He drives a Filmlight Baselight color correction system, which he calls “a very powerful grading platform. I’ve used it for years. It’s very fast — I’m able to work quickly and intuitively on it, which translates into a more creative session for the client.”


Doug Delaney

The Call, a thriller directed by Brad Anderson and starring Halle Berry and Abigail Breslin as a 911 operator and kidnap victim, respectively, was shot with Arri Alexa and SI 2K cameras. “The 2Ks were used, in part, to allow the camera to get very close to the actors as well as convey a sense of claustrophobia when Abigail is locked in the trunk of a car,” says Delaney. “DP Tom Yatsko could move around the confined space and get some very intimate and kinetic shots. Brad and Tom did camera tests with the Alexa and SI 2K in pre-production, and we then took a look at the footage projected back at New Hat to make sure the feeling was right, the footage would intercut well and we could push the limits of darkness to where they wanted it to go — letting the illumination of a cell phone play as a key.”

Delaney felt “the grade was really supporting Tom’s great photography. This film wasn’t about creating a hyper-stylized look but rather developing a feel for each of the locations and helping the time of day transition from day to night during the pursuit of the kidnapper.”

A recent S16mm project at New Hat was the indie feature Best Friends Forever, which premiered at Slamdance. Director Brea Grant describes the film as combining “two girls, a ’76 AMC Pacer, the open road and an impending nuclear apocalypse.”

Delaney used color correction as a “deliberate narrative device” to create “unreal nuclear skies to convey this post-apocalyptic atmosphere” during the friends’ drive from LA to Austin, Texas. “Much of the film takes place on the road with beautiful exterior photography by DP Michelle Lawler,” he says. “The goal of the look of the film was to take these never-ending west Texas skies and turn them into menacing nuclear ones that transform the world around Harriet (Brea Grant) and Reba (Vera Miao). They are traveling in a blue Pacer, which represents their bubble — clean and primary — while the burst reveals itself around them as dirty and twisted in terms of color.

“Executing a visually ambitious grade on a lower-budget feature can be challenging, but we were able to bring it all together: 3D keying, roto and area tracking of skies and other elements within the frame quickly and cleanly were absolutely crucial. And while the format choice of Super 16mm film was totally appropriate for the film, it also meant paying particular attention to your grade as you can introduce noise or exaggerate what’s already there.”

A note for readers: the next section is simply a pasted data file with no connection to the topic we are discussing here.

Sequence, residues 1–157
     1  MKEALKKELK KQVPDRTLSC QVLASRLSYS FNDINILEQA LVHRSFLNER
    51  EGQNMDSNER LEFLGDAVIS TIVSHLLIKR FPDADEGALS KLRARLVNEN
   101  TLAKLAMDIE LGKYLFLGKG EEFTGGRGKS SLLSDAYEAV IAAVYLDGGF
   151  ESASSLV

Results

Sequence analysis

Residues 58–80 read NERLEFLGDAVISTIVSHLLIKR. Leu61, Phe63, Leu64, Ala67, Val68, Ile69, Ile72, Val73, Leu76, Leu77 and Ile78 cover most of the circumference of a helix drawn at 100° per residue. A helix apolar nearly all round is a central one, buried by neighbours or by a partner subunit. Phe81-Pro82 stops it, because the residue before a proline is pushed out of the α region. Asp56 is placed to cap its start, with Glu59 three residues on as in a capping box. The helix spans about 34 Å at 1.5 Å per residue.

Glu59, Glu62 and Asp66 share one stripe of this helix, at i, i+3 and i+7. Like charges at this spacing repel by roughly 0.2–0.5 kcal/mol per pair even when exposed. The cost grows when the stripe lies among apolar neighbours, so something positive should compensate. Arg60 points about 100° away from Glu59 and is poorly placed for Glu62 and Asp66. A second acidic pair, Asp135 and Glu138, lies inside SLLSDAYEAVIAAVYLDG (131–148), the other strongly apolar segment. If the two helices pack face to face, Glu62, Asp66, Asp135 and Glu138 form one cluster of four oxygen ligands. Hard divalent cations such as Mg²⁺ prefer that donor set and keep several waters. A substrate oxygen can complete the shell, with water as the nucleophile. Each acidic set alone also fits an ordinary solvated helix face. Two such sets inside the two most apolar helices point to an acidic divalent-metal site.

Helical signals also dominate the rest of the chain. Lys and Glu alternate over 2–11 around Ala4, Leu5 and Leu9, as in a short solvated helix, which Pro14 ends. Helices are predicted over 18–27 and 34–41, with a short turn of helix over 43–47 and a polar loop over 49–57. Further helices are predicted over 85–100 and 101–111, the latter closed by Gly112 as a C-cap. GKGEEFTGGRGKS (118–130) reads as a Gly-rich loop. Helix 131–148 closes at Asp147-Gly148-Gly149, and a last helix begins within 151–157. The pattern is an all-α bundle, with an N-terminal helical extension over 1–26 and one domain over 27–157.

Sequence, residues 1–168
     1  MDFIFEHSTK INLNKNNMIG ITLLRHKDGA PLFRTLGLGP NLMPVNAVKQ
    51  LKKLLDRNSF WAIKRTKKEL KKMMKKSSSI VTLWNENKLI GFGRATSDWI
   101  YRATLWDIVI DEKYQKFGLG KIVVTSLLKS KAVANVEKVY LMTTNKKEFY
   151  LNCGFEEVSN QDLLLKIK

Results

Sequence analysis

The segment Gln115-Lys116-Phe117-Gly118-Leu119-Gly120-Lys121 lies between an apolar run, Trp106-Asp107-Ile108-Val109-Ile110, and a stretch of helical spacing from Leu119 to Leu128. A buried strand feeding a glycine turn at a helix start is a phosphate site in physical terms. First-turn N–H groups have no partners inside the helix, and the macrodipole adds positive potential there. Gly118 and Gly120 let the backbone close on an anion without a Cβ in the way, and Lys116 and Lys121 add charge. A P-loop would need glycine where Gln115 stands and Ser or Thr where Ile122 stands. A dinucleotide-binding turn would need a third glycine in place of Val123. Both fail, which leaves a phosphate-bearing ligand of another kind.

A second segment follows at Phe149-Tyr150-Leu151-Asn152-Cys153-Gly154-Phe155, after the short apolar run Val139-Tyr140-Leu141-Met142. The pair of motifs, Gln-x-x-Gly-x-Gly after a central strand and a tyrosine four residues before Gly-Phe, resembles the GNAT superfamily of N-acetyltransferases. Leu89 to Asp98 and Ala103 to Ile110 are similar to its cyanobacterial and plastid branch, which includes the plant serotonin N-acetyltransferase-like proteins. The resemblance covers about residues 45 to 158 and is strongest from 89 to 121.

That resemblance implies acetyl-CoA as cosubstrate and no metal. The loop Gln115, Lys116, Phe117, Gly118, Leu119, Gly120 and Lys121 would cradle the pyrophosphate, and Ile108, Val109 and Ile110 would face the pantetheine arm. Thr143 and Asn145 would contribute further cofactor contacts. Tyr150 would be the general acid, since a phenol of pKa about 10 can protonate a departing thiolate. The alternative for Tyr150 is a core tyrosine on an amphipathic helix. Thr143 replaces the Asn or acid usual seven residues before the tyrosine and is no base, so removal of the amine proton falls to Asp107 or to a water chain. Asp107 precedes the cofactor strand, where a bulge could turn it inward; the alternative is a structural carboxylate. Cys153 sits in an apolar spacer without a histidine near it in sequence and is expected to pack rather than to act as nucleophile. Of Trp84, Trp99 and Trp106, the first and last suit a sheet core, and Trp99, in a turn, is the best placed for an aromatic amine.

FILMOSONIDO

Art met life when Marcos de Aguirre, CEO of Santiago, Chile’s Filmosonido (www.filmosonido.cl) found his post production facility involved with Pablo Larrain’s feature No, the story of the advertising tactics used in the historic 1988 plebiscite in which the Chilean people rejected continuing the Pinochet dictatorship. A professional sound recordist and mixer at the time, de Aguirre participated in the “vote no” ad campaign and his former facility is pictured in archival footage in the film, which has been nominated for an Academy Award for Best Foreign Language Film.


Marcos de Aguirre

Larrain made the unusual choice to shoot the feature on 3/4-inch Sony U-matic format, which was widely used by Chilean TV news crews in the 1980s, so his narrative scenes would blend seamlessly with extensive archival footage of the period. “The option the director chose was risky,” says de Aguirre. “It definitely was not standard operating procedure. When he first talked with me about it I said, ‘Don’t do it!’ My proposal was something like the way they did Argo: shoot in HD or 2K or whatever and then combine formats in post. But Pablo is very ingenious and said no, he wanted to try 3/4-inch. He bought vintage Ikegami cameras in the US, but they weren’t exactly in good working order — he started with three and finished with one!”

While Larrain opted to capture scenes with the old cameras, he had them output directly to AJA Ki Pro mini recorders in SD interlaced mode. “By outputting the video signal from the old cameras to new recorders, the pictures came ready for editing on Final Cut Pro here,” says de Aguirre. “The first time we saw footage we said, ‘Oh, my God!’ We’re so used to seeing sharp, high-definition images these days. But this soft look works perfectly to tell the story — after the first five minutes you’re fully immersed in the movie.”

No was cut on Filmosonido’s premises, where it was also color corrected and finished. Tasks included compositing archival footage into monitors and screens in more than 100 shots; archival material was collected on 3/4-inch and Beta SP tapes. 


Ismael Cabrera

Colorist Ismael Cabrera performed the color grading in standard definition with Assimilate Scratch, a tool he’s been using for several years. “We purchased Scratch for an HBO Latin America show produced by Fabula and directed by Pablo Larrain — 13 one-hour shows with a lot of work and fast delivery. Now we’re doing movies on it. It’s been the right choice for us; it’s a real workhorse,” says de Aguirre.

Much of the vintage look of No was captured in-camera with help from wardrobe, sets and lighting. But Larrain and Cabrera ensured that the “new” period look matched the archival footage’s real period look in color grading. When that was accomplished they still had to resolve the issue of how to make an HD progressive master from the SD conform.